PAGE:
February 6th was the 100th anniversary of Ronald Reagan’s birth. Dr. Paul Kengor noted recently in Catholic Exchange Reagan’s very tight association with numerous Catholics. The piece got me to thinking.
Who was the most “catholic” (small-c) president – Reagan or JFK (of course, JFK was big-C Catholic, Reagan was not). If you look at what they did and the long term effect of those actions, I think an excellent case can be made for Reagan. Dr. Kengor’s article covers a number of very good points.
JFK on the other hand, most notably entrenched the conceptual (not constitutional) “doctrine” of separation of church and state. He asserted strongly that his faith was private and would not effect his decisions as president. Over time this has influenced many politicians (including those who profess to be Catholic) and the courts to do their best to remove any overt Christian influence in government. This is not what the founding fathers had in mind, as I had written about last March. That unfortunately, is JFK’s lasting legacy.
Reagan lived his Christian faith and wasn’t shy about it. He surrounded himself with like-minded advisors including many Catholics. His faith played a prominent part of his decision making. Reagan changed the world for the better.
Perhaps things would be different if JFK had the chance to complete his presidency. If the current crop of Democratic Catholic politicians are any indicator, then probably not.
It isn’t surprising that Reagan’s centennial is being marked by all sorts of organizations, with retrospectives that will touch upon every imaginable aspect of Reagan. I suspect, however, that the thing most integral to the man, and most consistent throughout his life – that is, his religious faith – will not be as front and center as it should.
A fascinating aspect of that faith was a Reagan warmly, remarkably ecumenical, especially toward Catholics. Reagan included several devout Catholics among his top foreign-policy advisers and intimates, from CIA director Bill Casey, to Ambassador Vernon Walters, to National Security Adviser Richard Allen, to Secretary of State Al Haig (whose brother was a Jesuit priest), just for starters.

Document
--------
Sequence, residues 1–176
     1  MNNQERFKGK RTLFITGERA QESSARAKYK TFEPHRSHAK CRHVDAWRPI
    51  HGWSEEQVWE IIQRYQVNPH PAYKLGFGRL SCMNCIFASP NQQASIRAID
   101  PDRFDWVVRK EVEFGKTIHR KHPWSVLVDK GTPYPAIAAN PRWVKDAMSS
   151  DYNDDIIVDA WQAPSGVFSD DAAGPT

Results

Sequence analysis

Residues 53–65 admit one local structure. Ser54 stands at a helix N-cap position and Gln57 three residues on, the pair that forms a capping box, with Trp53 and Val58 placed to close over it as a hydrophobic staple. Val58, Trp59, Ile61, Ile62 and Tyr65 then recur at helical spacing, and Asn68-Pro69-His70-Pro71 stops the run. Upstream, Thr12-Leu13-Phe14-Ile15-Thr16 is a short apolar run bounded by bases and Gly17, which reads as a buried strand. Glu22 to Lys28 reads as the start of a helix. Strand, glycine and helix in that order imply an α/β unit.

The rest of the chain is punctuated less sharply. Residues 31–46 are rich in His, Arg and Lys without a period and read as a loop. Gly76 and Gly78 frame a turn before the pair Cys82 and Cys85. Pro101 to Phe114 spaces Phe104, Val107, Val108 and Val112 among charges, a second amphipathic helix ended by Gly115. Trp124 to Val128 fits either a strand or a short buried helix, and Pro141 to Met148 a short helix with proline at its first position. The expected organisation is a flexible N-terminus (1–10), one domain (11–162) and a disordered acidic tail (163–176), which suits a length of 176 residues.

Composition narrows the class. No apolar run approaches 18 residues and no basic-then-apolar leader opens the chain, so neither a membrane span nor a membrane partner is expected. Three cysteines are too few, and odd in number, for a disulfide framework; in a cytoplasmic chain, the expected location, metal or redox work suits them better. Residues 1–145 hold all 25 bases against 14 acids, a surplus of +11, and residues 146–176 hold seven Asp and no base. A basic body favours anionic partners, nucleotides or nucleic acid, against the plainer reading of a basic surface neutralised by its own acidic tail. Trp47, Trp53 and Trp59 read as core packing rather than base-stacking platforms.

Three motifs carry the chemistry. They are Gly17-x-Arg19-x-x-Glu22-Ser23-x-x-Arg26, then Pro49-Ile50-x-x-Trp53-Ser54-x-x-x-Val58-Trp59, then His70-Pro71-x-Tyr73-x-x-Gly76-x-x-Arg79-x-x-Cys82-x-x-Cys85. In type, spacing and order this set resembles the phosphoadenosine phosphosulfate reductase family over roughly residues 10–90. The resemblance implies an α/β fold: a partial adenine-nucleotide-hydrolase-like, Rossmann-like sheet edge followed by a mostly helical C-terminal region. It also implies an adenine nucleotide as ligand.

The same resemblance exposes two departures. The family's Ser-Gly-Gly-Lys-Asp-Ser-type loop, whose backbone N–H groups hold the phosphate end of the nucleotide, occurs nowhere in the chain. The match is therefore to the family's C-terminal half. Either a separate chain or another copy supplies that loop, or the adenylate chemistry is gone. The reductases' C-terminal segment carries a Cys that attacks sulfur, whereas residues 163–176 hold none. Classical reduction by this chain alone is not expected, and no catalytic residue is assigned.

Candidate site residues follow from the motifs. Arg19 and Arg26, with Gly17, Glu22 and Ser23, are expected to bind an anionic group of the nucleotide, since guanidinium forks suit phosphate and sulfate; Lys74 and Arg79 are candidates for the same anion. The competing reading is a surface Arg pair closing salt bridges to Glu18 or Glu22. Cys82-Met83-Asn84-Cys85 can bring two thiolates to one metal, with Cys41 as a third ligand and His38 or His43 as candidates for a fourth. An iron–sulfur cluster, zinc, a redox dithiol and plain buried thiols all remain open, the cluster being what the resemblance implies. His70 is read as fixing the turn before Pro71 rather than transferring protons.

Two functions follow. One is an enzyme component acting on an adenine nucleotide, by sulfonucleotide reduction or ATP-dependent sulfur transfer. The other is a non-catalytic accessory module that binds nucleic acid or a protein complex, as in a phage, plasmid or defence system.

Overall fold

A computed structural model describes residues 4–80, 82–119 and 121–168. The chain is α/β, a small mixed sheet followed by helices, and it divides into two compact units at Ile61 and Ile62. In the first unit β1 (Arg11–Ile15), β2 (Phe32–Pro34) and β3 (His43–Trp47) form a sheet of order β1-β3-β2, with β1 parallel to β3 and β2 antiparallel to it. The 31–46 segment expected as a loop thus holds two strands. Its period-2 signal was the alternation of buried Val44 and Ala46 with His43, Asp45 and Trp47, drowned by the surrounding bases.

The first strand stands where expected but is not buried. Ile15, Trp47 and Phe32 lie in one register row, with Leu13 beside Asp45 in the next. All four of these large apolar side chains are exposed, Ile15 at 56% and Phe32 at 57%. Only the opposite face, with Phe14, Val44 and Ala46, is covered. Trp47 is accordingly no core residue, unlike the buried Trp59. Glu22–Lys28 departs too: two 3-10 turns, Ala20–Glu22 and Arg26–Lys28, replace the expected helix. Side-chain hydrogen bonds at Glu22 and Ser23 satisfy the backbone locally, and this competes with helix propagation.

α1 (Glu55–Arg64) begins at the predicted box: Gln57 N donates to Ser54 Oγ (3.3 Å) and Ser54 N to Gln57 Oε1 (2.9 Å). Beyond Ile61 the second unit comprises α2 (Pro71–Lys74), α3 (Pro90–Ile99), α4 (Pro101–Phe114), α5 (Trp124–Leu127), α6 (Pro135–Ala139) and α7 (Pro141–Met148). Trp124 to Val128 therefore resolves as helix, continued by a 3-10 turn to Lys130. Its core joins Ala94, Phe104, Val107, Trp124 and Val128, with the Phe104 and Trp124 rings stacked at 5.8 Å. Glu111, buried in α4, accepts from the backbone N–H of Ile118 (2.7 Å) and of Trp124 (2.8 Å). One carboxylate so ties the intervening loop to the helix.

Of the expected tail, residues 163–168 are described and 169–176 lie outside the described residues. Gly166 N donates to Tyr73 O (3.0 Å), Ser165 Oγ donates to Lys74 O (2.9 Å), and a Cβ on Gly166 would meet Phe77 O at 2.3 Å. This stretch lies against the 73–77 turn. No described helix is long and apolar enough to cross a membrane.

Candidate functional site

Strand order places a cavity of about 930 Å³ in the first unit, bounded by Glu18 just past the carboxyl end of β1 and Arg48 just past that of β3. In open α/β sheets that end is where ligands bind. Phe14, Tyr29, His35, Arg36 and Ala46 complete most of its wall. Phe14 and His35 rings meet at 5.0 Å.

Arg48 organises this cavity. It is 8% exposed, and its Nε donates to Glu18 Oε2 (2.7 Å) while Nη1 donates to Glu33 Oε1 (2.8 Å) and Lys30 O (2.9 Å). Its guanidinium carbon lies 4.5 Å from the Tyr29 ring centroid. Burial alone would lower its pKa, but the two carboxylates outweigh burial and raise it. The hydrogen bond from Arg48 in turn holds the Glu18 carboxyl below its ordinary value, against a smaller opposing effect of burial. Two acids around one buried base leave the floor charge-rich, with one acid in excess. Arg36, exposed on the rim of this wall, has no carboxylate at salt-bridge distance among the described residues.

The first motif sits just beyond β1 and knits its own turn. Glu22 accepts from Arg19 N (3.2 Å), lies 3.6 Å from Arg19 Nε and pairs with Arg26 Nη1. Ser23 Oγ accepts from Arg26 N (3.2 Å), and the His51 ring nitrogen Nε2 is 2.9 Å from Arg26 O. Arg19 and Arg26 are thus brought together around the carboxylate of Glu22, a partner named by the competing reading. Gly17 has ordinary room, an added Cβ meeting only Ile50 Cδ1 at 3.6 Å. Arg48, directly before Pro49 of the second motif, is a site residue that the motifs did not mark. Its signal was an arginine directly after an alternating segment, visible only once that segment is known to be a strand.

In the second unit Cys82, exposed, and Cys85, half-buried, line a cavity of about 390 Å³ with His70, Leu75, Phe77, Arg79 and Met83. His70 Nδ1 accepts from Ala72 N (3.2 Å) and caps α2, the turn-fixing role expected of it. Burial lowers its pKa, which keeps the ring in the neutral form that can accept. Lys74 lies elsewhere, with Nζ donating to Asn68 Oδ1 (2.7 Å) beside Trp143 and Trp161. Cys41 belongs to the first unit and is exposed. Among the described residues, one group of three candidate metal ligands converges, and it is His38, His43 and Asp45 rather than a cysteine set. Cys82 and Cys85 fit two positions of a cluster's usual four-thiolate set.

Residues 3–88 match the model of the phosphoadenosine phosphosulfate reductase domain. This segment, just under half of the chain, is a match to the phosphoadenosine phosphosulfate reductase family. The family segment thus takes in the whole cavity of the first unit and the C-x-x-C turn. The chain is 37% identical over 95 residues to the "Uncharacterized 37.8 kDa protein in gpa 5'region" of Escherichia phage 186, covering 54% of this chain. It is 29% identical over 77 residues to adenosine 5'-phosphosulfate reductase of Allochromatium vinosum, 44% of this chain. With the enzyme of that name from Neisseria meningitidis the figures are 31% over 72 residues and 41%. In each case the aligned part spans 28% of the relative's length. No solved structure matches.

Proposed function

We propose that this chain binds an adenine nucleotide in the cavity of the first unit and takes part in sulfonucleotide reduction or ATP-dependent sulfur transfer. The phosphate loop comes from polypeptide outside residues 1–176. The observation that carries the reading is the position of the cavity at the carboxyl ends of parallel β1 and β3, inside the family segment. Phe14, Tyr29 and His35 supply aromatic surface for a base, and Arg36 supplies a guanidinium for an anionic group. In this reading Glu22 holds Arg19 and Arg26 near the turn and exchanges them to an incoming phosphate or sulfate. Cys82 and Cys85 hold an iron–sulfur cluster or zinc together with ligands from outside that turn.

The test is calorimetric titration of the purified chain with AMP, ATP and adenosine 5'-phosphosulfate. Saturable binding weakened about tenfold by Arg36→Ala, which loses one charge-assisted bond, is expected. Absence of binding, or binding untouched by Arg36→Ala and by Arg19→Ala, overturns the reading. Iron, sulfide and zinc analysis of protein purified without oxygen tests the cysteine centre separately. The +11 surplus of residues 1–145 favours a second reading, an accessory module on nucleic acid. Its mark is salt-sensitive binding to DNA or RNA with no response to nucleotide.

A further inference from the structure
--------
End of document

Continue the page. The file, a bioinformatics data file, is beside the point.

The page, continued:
Most significant among them was Bill Clark, also known as “The Judge.” A student of Aquinas, Fulton Sheen, and Thomas Merton, who spent time in an Augustinian novitiate contemplating the priesthood, Clark implemented the formal National Security Decision Directives crucial to confronting and undermining the Soviet empire. Clark and Reagan prayed together, particularly the Prayer of Saint Francis.
And then there were the Catholic speechwriters to “the Great Communicator:” Peggy Noonan, chief speechwriter Tony Dolan, and Peter Robinson, who wrote the “Tear Down This Wall” speech.
Finally, Reagan spent some very special moments with the likes of Mother Teresa, Terence Cardinal Cooke, and, of course, Pope John Paul II, with whom he took down an Evil Empire – peacefully.
The centennial of Ronald Reagan’s birth will generate all kinds of thoughts and reflections on the man, from his position on taxes to the Soviets to unborn human life. The 40th president’s close relationship with Catholics is likewise worthy of reflection.
Dr. Kengor has written extensively on this topic in his book God and Ronald Reagan: A Spiritual Life.